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The Time Machine
by H(erbert) G(eorge) Wells

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`I have already told you of the sickness and confusion that

comes with time travelling. And this time I was not seated

properly in the saddle, but sideways and in an unstable fashion.

For an indefinite time I clung to the machine as it swayed and

vibrated, quite unheeding how I went, and when I brought myself

to look at the dials again I was amazed to find where I had

arrived. One dial records days, and another thousands of days,

another millions of days, and another thousands of millions.

Now, instead of reversing the levers, I had pulled them over so

as to go forward with them, and when I came to look at these

indicators I found that the thousands hand was sweeping round as

fast as the seconds hand of a watch--into futurity.

`As I drove on, a peculiar change crept over the appearance of

things. The palpitating greyness grew darker; then--though I was

still travelling with prodigious velocity--the blinking

succession of day and night, which was usually indicative of a

slower pace, returned, and grew more and more marked. This

puzzled me very much at first. The alternations of night and day

grew slower and slower, and so did the passage of the sun across

the sky, until they seemed to stretch through centuries. At last

a steady twilight brooded over the earth, a twilight only broken

now and then when a comet glared across the darkling sky. The

band of light that had indicated the sun had long since

disappeared; for the sun had ceased to set--it simply rose and

fell in the west, and grew ever broader and more red. All trace

of the moon had vanished. The circling of the stars, growing

slower and slower, had given place to creeping points of light.

At last, some time before I stopped, the sun, red and very large,

halted motionless upon the horizon, a vast dome glowing with a

dull heat, and now and then suffering a momentary extinction. At

one time it had for a little while glowed more brilliantly again,

but it speedily reverted to its sullen red heat. I perceived by

this slowing down of its rising and setting that the work of the

tidal drag was done. The earth had come to rest with one face to

the sun, even as in our own time the moon faces the earth. Very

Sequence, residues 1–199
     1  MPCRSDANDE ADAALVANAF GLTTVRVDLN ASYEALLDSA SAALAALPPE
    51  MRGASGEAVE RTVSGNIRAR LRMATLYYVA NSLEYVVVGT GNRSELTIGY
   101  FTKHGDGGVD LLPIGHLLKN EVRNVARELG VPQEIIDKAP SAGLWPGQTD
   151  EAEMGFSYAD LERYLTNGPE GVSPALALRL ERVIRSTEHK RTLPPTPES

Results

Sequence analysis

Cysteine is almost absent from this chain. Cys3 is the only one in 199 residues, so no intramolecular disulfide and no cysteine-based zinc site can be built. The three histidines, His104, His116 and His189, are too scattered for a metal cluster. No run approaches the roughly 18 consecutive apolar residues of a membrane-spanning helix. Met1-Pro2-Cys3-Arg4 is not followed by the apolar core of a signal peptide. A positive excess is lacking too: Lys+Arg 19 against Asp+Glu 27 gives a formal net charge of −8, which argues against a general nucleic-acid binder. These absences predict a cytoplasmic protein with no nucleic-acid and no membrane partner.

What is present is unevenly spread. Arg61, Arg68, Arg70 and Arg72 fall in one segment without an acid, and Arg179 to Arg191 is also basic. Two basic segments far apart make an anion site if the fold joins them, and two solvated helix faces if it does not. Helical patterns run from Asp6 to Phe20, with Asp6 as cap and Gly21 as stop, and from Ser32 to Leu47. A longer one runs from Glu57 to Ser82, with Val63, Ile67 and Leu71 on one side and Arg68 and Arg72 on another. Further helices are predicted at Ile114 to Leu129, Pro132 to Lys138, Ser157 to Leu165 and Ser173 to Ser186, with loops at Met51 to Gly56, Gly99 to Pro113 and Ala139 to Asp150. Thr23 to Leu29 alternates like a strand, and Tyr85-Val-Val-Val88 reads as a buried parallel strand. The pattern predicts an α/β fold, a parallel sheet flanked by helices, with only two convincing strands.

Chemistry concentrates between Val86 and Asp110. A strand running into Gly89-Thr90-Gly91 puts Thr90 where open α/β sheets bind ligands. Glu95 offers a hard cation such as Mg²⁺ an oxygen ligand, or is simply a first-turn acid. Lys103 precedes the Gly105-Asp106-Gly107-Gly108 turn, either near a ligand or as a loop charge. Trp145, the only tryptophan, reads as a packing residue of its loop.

cautiously, for I remembered my former headlong fall, I began to

reverse my motion. Slower and slower went the circling hands

until the thousands one seemed motionless and the daily one was

no longer a mere mist upon its scale. Still slower, until the

dim outlines of a desolate beach grew visible.

`I stopped very gently and sat upon the Time Machine, looking

round. The sky was no longer blue. North-eastward it was inky

black, and out of the blackness shone brightly and steadily the

pale white stars. Overhead it was a deep Indian red and

starless, and south-eastward it grew brighter to a glowing

scarlet where, cut by the horizon, lay the huge hull of the sun,

red and motionless. The rocks about me were of a harsh reddish

colour, and all the trace of life that I could see at first was

the intensely green vegetation that covered every projecting

point on their south-eastern face. It was the same rich green

that one sees on forest moss or on the lichen in caves: plants

which like these grow in a perpetual twilight.

`The machine was standing on a sloping beach. The sea

stretched away to the south-west, to rise into a sharp bright

horizon against the wan sky. There were no breakers and no

waves, for not a breath of wind was stirring. Only a slight oily

swell rose and fell like a gentle breathing, and showed that the

eternal sea was still moving and living. And along the margin

where the water sometimes broke was a thick incrustation of

salt--pink under the lurid sky. There was a sense of oppression

in my head, and I noticed that I was breathing very fast. The

sensation reminded me of my only experience of mountaineering,

and from that I judged the air to be more rarefied than it is


`Far away up the desolate slope I heard a harsh scream, and

saw a thing like a huge white butterfly go slanting and

flittering up into the sky and, circling, disappear over some low

hillocks beyond. The sound of its voice was so dismal that I

shivered and seated myself more firmly upon the machine. Looking

round me again, I saw that, quite near, what I had taken to be a

reddish mass of rock was moving slowly towards me. Then I saw

the thing was really a monstrous crab-like creature. Can you

imagine a crab as large as yonder table, with its many legs

moving slowly and uncertainly, its big claws swaying, its long

antennae, like carters' whips, waving and feeling, and its

stalked eyes gleaming at you on either side of its metallic

front? Its back was corrugated and ornamented with ungainly

bosses, and a greenish incrustation blotched it here and there.

I could see the many palps of its complicated mouth flickering

and feeling as it moved.

`As I stared at this sinister apparition crawling towards me,

I felt a tickling on my cheek as though a fly had lighted there.

I tried to brush it away with my hand, but in a moment it

returned, and almost immediately came another by my ear. I

struck at this, and caught something threadlike. It was drawn